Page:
Dec. 7, 2007
ATLANTA – Paul Johnson, a highly-successful coach at the U.S. Naval Academy for six seasons and previously at Georgia Southern, was named head football coach at Georgia Tech, athletic director Dan Radakovich announced at a press conference Friday.
Johnson is the 12th head coach in Yellow Jacket football history.
Paul Johnson is the best fit, the best choice for the Georgia Tech head coaching position,” Radakovich said. “He will educate young men, represent Georgia Tech at the highest level, he will win football games and play for championships.”
Johnson coached six years at Navy, which is scheduled to participate in the San Diego County Credit Union Poinsettia Bowl Dec. 20 against Utah. The 2007 Midshipmen won a fifth straight Commander-In-Chief’s Trophy, earned a postseason bowl bid for the fifth consecutive year and beat Notre Dame for the first time since 1963.
Johnson is a finalist for the 2007 Liberty Mutual National Coach of the Year.
In six seasons at Navy, Johnson compiled a record of 45-29. He recently completed his 11th season as a college head coach, compiling a career record of 107-39.
Johnson took over a Navy football program that was coming off the worst two-year span in its 123-year history (1-20) and had recorded just two winning seasons in the last 20 years. After a 2-10 mark in Johnson’s first year, the Midshipmen achieved what many thought was no longer possible at an Academy. Johnson brought the Midshipmen back into the national spotlight with a 43-19 (.694) record over the last four-plus years.
Johnson dominated the other two Service Academies like no other coach in the school’s annals, posting an 11-1 (.917) overall record, including a perfect 6-0 mark against rival Army. Last year’s senior class was the first in school history to post a perfect 8-0 mark against Army and Air Force.
“He accomplished feats at a ServiceAcademy that many thought were not possible,” Radakovich said. “He looks at his talent and maximizes it. Whether as an assistant coach at Hawai’i, or as the head coach at Georgia Southern or Navy, he has figured out how to be successful.”
Johnson’s Navy teams improved as each season progressed. Over the last five years, Navy posted a 13-2 (.867) record over the final three games of the season and outscored the opposition 611-335 in those contests. In games in which Johnson had more than a week to prepare for an opponent, the Midshipmen went 15-6 (.714) over the last four years combined.
The Midshipmen lead the nation in rushing this season for an unprecedented third consecutive year, producing more than 350 yards per game. Under Johnson, Navy has never finished lower than third nationally in rushing offense.
Navy ranks among the nation’s highest-scoring teams, averaging 39.92 points per outing. The 2007 Mids also rank in the top 10 nationally in kickoff returns and in fewest sacks allowed.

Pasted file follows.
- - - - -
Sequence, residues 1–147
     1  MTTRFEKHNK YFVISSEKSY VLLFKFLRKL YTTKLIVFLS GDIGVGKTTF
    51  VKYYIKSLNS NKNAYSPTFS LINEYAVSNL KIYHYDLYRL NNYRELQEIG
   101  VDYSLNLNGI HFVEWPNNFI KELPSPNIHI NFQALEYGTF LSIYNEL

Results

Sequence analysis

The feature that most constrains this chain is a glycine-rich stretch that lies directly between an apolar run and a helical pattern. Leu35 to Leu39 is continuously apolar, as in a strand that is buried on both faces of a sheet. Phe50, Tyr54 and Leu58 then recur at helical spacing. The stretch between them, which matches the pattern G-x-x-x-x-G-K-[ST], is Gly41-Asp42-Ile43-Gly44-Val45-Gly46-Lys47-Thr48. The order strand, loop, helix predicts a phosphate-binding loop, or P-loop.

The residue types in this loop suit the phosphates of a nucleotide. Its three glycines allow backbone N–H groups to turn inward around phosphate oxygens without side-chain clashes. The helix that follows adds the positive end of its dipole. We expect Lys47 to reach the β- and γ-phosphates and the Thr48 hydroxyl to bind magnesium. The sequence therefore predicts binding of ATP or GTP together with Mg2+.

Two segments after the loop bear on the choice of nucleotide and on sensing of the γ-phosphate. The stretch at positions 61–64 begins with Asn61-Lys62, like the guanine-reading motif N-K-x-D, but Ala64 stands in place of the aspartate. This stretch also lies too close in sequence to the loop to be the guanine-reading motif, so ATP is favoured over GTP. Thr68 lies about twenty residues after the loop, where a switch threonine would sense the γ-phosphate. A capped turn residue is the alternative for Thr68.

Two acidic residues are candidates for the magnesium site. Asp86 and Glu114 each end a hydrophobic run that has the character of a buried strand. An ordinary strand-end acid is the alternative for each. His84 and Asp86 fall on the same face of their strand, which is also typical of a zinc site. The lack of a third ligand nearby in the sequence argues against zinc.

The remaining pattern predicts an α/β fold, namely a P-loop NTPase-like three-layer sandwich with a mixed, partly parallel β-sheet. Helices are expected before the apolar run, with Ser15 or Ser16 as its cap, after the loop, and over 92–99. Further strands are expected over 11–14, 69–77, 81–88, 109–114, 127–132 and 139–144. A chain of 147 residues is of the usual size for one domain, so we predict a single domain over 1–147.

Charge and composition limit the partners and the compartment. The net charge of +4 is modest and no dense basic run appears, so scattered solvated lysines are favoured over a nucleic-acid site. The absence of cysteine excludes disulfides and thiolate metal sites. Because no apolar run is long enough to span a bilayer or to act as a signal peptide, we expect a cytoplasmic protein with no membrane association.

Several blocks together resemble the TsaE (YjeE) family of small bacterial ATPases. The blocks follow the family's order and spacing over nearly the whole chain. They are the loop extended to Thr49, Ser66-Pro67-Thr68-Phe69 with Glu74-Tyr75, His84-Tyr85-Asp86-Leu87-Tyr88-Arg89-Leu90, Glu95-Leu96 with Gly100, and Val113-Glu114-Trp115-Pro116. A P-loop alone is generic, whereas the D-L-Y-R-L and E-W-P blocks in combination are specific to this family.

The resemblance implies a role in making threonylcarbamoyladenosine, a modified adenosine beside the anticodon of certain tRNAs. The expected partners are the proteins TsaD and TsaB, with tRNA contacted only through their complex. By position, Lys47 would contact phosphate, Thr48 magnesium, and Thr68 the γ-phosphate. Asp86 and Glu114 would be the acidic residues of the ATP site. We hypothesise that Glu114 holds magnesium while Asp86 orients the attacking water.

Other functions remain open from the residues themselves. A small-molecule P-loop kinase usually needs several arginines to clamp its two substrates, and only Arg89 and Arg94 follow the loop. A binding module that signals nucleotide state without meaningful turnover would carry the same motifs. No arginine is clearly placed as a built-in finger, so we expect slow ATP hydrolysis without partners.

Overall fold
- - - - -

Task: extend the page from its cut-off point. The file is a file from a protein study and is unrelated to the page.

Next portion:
Johnson’s teams have been successful off the field as well as Navy ranks No. 1 in the country in graduation rates.
In 2004, Johnson was named Bobby Dodd National Coach of the Year after leading Navy to a 10-2 record, tying the school record for wins set in 1905, and won a bowl game (34-19 victory vs. New Mexico in the Emerald Bowl) for just the fifth time in the history of the program.
In 2003, Johnson led Navy to an 8-5 record and brought the Commander-In-Chief’s Trophy back to Annapolis for the first time since 1981, propelling Navy to a bowl game for the first time since 1996. The Mids became just the sixth team in NCAA history to go from a winless season to a bowl game in two years or less.
Before arriving at Annapolis, Johnson served as head coach at Georgia Southern from 1997 to 2001. At Georgia Southern, Johnson posted a 62-10 (.861) record, won two straight I-AA National Championships (1999 and 2000), five consecutive Southern Conference Championships and was named the Division I-AA National Coach of the Year four straight years (1997-2000).
After Johnson took over as head coach at Georgia Southern in 1997, he returned the Eagle program to national prominence statistically and in the won-lost ledger. In addition to Georgia Southern’s 62-10 mark, the Eagles scored 2,855 points (39.7 points per game), picked up 25,941 rushing yards (360.3 yards per game), 7,816 passing yards (108.6 yards per game) and 33,757 total yards (468.8 yards per game). GSU scored 380 touchdowns in the Johnson Era, an average of 5.3 per game. The Eagles’ scoring margin under Johnson was +21.5 (39.7-18.5).
Johnson picked up a milestone victory in the 2000 I-AA National Championship Game against Montana. Not only did the 27-25 victory give Georgia Southern its second straight national title, but it was Johnson’s 50th career win in four seasons. Only three other coaches in the history of Division I football won 50 or more games in four seasons — Walter Camp (1888-1891, 54-2 at Yale), George Woodruff (1892-1895, 53-4 at Penn) and Bob Pruett (1996-99, 50-4 at Marshall).
Johnson took over a Georgia Southern program in 1997 that was 4-7 the previous year and orchestrated a turnaround that ranked among the NCAA’s best, directing the Eagles to a 10-3 record. He was named Southern Conference Coach of the Year by the media and Region II Coach of the Year by the American Football Coaches Association.